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J Infect Dis. 1991 Mar;163(3):507-13.

Diffuse-adhering Escherichia coli (DAEC) as a putative cause of diarrhea in Mayan children in Mexico.

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Department of Microbiology and Immunology, Stanford University, CA 94305.


Diarrhea is a major cause of infantile morbidity and mortality in developing countries. A community-based, case control study was conducted in a southern Mexican Mayan village for 3 weeks during the peak diarrhea period to prospectively identify the infectious agents associated with childhood diarrheal disease. Several enteropathogens were isolated from stools of 34 of 58 cases, although none was significantly associated with diarrhea. For the 24 cases from which no enteropathogens were isolated, diffuse-adhering Escherichia coli (DAEC) strains were significantly associated with diarrheal disease (P less than .02; odds ratio = 6; 95% confidence limit, 1.08-99.0). DAEC were highly heterogeneous with respect to plasmid content and serotype. Three DNA probes designed to differentiate E. coli exhibiting localized, diffuse, or aggregative adherence were compared with results from a standard HeLa cell binding assay to assess the utility of these probes in the field. This study provides evidence for the potential pathogenic capacity of DAEC and underscores the variety of diarrheal agents operating within a community.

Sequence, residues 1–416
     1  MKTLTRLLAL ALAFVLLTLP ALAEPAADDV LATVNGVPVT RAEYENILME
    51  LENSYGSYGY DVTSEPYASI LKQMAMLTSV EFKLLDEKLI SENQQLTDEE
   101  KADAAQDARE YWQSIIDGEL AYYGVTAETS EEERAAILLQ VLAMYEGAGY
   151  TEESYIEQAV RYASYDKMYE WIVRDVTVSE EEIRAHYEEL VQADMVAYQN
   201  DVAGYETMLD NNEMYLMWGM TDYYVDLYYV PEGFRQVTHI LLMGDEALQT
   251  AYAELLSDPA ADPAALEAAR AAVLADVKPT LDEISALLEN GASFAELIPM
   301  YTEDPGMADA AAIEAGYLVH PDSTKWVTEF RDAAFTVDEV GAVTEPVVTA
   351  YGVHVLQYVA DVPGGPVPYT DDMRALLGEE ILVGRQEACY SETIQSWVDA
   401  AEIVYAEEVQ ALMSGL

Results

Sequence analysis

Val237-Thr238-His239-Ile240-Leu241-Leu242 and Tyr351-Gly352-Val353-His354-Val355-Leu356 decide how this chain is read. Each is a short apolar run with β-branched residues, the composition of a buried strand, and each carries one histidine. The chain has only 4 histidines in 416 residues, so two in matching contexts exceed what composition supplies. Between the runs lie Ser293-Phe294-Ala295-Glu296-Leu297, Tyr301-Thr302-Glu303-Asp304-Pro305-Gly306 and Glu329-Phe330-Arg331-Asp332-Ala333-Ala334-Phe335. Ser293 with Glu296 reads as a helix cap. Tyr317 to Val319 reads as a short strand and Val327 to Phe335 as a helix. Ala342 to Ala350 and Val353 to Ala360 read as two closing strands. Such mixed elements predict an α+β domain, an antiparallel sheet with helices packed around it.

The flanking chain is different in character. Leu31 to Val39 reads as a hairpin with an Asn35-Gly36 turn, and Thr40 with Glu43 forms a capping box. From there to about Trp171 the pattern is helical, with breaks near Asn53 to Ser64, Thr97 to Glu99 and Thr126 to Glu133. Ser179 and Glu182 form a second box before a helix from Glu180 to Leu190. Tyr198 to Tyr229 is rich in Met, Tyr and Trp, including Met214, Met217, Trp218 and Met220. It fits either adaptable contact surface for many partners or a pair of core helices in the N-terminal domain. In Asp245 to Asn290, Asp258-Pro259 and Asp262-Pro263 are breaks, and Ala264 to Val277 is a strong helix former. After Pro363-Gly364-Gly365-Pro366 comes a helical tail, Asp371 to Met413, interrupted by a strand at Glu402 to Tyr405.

[Indexed for MEDLINE]

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